Monday, May 17, 2010

Should auto dealers be punished for overselling?

Let's face it: the car dealers have never been high on reputation. In the past few years, following the supposed leadership of Toyota dealers, some have reformed. But just like a tiger will never become a true vegetarian, one cannot and should not expect car dealers to plant flowers when selling cars.

I am having significant difficulties deciding on a position on this matter.

Here’s the story from the Star:

Madeline Leonard and her Mazda Leonard walked into the dealership wanting to replace the tires on her 2004 car.

By the time she left she was on the hook for a spiffy, black 2010 Mazda6 sedan at the eye-popping price of almost $66,000, after taxes and the value of her trade-in vehicle.

That’s $25,000 more than she should have paid, according to Ontario’s auto regulator.

She says “Moe,” the salesman, talked fast. The numbers whizzed by and before she knew it she had bought the 2010 model.

“I was overwhelmed and confused and I soon felt like I had been mistreated,” the 56-year-old woman said in an interview from her small, subsidized apartment in the town 85 km northwest of Toronto.

The Ontario Motor Vehicle Industry Council, which regulates new and used car dealers, took action after she complained. Its investigation found she should have paid about $41,000 for the vehicle — which wasn’t even new.

“In my eight years here, I haven’t seen a case like this,” said Carey Smith, the regulator’s director of investigations. “The deal was way over the top regarding pricing.”

Smith has charged Mazda of Orangeville and two senior employees with breaching Ontario legislation that protects consumers. The dealership could face a fine of up to $250,000 if found guilty.

Kien Trung, business manager at Mazda of Orangeville and one of the employees facing charges, said he did not treat Leonard improperly or make any big profits in the deal in late December.

“We didn’t do anything wrong in the case of this transaction,” said Trung. “We made a little bit of money on the deal. I guess she was not happy with it.”

In promotional messages, the dealership says it treats customers “with dignity and respect.”

But Smith said in Leonard’s case, the store and two employees used several tactics to unfairly jack up the price.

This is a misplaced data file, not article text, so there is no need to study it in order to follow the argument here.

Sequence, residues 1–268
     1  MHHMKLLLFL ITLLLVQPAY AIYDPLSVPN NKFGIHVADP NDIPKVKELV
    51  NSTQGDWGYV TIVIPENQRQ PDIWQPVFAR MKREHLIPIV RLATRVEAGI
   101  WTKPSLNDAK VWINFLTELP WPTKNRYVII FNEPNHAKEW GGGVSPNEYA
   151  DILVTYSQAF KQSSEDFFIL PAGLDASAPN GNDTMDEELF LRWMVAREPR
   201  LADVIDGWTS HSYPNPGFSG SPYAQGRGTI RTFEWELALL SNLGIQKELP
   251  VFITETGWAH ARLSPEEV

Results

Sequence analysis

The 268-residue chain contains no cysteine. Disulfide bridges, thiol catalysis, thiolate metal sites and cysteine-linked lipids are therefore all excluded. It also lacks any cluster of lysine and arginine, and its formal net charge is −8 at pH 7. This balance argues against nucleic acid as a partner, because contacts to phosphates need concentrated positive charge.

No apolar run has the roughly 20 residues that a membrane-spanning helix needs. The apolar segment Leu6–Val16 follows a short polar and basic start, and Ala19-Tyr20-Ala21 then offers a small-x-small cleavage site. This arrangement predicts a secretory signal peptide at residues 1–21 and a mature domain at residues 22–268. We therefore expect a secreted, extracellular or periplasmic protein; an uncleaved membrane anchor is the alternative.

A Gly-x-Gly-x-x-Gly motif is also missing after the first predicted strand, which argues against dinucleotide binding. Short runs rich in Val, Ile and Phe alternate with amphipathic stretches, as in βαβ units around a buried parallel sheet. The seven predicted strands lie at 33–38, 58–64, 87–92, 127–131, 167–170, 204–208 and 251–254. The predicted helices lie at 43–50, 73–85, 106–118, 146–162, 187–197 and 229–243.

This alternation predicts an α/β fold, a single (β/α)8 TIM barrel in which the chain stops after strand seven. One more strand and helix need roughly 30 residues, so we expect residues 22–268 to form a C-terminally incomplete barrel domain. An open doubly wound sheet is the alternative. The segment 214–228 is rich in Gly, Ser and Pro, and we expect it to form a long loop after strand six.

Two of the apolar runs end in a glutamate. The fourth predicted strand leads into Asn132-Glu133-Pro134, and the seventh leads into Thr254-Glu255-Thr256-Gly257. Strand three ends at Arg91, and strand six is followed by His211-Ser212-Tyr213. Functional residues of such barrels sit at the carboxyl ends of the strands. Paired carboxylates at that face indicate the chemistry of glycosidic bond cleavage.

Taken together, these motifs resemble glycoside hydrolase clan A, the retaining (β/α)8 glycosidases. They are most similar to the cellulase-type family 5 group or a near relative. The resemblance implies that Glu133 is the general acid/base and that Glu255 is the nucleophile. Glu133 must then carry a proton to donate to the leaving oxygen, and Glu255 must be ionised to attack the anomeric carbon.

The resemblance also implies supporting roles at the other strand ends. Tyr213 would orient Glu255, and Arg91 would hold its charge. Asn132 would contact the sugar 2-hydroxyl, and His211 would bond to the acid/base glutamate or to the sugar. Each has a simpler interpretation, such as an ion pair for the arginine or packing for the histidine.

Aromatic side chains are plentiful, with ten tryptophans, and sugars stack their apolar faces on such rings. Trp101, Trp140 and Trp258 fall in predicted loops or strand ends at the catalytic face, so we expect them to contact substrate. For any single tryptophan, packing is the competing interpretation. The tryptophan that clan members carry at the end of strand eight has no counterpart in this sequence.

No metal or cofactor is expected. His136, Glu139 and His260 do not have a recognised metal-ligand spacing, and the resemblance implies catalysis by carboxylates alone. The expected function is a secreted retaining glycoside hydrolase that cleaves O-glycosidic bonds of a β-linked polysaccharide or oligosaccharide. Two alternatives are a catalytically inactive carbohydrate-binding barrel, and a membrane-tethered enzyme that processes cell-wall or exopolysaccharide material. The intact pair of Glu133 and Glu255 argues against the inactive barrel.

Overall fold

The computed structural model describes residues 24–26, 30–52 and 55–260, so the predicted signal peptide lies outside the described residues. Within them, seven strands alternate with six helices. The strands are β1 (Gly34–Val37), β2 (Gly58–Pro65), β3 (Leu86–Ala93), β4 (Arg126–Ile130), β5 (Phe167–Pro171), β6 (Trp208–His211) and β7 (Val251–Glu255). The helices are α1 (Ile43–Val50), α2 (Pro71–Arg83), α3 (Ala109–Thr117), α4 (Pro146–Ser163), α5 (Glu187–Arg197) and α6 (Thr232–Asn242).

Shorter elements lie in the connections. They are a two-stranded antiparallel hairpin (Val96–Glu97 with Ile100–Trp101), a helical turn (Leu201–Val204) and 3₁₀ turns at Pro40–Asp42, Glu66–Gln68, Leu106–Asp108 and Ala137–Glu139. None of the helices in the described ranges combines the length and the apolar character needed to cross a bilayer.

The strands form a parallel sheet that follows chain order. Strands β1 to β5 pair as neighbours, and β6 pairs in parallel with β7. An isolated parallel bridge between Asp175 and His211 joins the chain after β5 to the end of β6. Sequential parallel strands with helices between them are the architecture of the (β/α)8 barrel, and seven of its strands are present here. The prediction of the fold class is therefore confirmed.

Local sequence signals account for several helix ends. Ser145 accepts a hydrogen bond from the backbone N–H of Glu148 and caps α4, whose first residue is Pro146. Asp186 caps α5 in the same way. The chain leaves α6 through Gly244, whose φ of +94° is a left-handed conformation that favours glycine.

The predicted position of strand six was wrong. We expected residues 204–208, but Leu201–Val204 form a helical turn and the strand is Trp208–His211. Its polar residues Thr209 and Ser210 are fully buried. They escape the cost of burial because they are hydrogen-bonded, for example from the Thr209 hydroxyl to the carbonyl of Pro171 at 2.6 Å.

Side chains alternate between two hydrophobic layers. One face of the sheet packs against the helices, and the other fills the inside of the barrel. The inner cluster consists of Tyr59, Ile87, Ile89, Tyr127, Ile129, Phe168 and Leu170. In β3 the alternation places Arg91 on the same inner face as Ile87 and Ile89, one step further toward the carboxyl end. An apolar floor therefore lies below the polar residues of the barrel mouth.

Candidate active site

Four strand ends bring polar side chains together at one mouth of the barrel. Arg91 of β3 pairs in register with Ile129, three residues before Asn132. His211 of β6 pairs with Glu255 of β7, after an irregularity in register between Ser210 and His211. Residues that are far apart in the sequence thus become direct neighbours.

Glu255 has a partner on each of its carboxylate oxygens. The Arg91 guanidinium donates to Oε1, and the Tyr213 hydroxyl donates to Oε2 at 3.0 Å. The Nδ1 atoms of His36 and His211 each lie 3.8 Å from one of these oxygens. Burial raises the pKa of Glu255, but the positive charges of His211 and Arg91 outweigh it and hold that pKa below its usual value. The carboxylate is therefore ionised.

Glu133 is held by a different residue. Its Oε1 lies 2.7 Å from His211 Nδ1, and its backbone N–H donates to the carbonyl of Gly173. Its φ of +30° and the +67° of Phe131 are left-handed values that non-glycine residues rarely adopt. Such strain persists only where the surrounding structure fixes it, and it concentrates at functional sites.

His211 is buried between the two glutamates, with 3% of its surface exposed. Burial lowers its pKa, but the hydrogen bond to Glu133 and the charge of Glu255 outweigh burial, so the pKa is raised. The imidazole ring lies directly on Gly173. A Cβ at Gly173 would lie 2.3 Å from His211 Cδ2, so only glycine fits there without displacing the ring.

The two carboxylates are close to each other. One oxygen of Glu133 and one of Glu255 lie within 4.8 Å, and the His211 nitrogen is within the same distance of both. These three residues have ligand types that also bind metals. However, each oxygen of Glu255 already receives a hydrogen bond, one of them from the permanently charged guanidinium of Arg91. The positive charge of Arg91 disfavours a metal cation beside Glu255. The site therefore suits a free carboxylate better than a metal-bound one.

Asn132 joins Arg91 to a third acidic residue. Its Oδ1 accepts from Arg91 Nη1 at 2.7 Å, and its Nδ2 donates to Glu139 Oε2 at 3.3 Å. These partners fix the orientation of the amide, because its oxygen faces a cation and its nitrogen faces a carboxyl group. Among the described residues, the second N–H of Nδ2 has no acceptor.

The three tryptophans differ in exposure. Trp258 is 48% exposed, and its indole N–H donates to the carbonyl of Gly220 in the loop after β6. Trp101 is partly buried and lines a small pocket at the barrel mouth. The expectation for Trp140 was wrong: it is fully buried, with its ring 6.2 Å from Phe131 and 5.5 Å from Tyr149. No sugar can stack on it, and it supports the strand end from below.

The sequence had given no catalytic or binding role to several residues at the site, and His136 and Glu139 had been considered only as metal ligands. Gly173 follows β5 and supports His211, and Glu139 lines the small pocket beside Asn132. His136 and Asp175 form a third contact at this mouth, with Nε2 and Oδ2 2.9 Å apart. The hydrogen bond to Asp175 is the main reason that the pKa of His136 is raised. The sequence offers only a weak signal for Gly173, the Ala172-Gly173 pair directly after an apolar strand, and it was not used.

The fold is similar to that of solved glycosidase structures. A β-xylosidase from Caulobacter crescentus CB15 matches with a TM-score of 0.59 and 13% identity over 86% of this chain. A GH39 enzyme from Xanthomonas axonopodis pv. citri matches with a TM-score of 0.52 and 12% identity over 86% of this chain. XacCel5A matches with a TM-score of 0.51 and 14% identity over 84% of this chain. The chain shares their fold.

“They put a list price of a new vehicle on the model but it was a demonstrator that the dealer used with about 6,000 kilometres on it,” he noted.

Mazda Canada lists the base price of the new sedan at $39,969 on its national website, but the dealership allegedly posted a sticker of $45,846 on the car.

Smith said the salesmen also billed Leonard, who is intellectually disabled, about $4,500 for a “protection package” that included fabric guarding, rust and sound proofing and window etching. Other dealers charge about a third of that for the same items, he said.

Furthermore, Smith said Leonard, who is unemployed, should not have qualified for a loan from the dealer because her monthly income including a disability pension is less than $2,000.

But Smith added that didn’t stop the two employees from offering an eight-year loan that will result in about $16,000 in financing costs for her, including a final balloon payment of $7,000.

Mazda of Orangeville says in a promotional message for phone callers that owning “your dream vehicle might be easier than you think.” The message goes on: “If you are a great person with not-so-good credit, we have you in mind.”

Leonard said she originally came to the store to replace the tires on her 2004 Mazda3 and didn’t even want to buy a car.

“I wished I had never walked into the place,” she said. “I’ve had a lot of trouble keeping up with these payments. The stress has been terrible.”

Leonard described the salesman at the dealership as “slick” and the process mesmerized her. But after signing a contract and driving the vehicle away, she checked prices at other Mazda outlets.

“The differences were shocking,” she said. “I felt very disappointed how I was treated.”

The regulator charged the dealership; Trung, 38, of Vaughan; and sales manager Mohammed (Moe) Shaikh, 46, of Mississauga with “engaging in unfair practice by making an unconscionable representation,” contrary to the provincial Consumer Protection Act.

Apparently, the dealership also received a D+ rating on a scale from A+ to F since January 2008, based on six complaints. The owner fired the salesman and the manager who made the sale, but to no avail: In a rare move (first time in two decades), Mazda terminated the dealership, which can no longer sell new cars. It then transpired that the fired manager co-owned another dealership with the owner.

A Mazda dealer, who fired his general manager for allegedly selling a car for $25,000 more than its value, owns an area Suzuki store where the same former senior employee is a partner.

Sunny Bains, owner of Mazda of Orangeville, confirmed Monday his ex-manager “Moe” Shaikh is a vice-president and partner at Bains Suzuki of Pickering but he won’t be much longer.

“Absolutely, that will be ending very soon,” Bains said in an interview.

My difficulties arise from the fact that it is the buyer’s responsibility to shop around and inform themselves. At the same time, my heart goes out to this “intellectually challenged” woman. People change their mind often after a sale. The industry even has a term for it: “buyer’s remorse”. If prices and commissions are fixed, what is the point in having independent dealers? Shouldn’t there be dealers working on a salary then?

Car dealerships are not over-regulated like lawyers and did not "regulate" out of the most lucrative fields the competition (paralegals).

Then again, with all the big banks getting “bailed out”, perhaps it is now the many’s turn.

What do you think?

Sources / More info: ts-mazda-axes, ts-mazda-dealer, ts-salesmen

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